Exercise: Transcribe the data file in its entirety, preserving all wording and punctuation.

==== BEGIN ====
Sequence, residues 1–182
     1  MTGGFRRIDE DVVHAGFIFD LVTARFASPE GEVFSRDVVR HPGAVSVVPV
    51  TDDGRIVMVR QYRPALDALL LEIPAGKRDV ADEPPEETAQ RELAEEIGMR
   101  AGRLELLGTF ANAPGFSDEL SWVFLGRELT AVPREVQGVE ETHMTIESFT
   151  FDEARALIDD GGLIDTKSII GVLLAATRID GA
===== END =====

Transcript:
Sequence, residues 1–182
     1  MTGGFRRIDE DVVHAGFIFD LVTARFASPE GEVFSRDVVR HPGAVSVVPV
    51  TDDGRIVMVR QYRPALDALL LEIPAGKRDV ADEPPEETAQ RELAEEIGMR
   101  AGRLELLGTF ANAPGFSDEL SWVFLGRELT AVPREVQGVE ETHMTIESFT
   151  FDEARALIDD GGLIDTKSII GVLLAATRID GA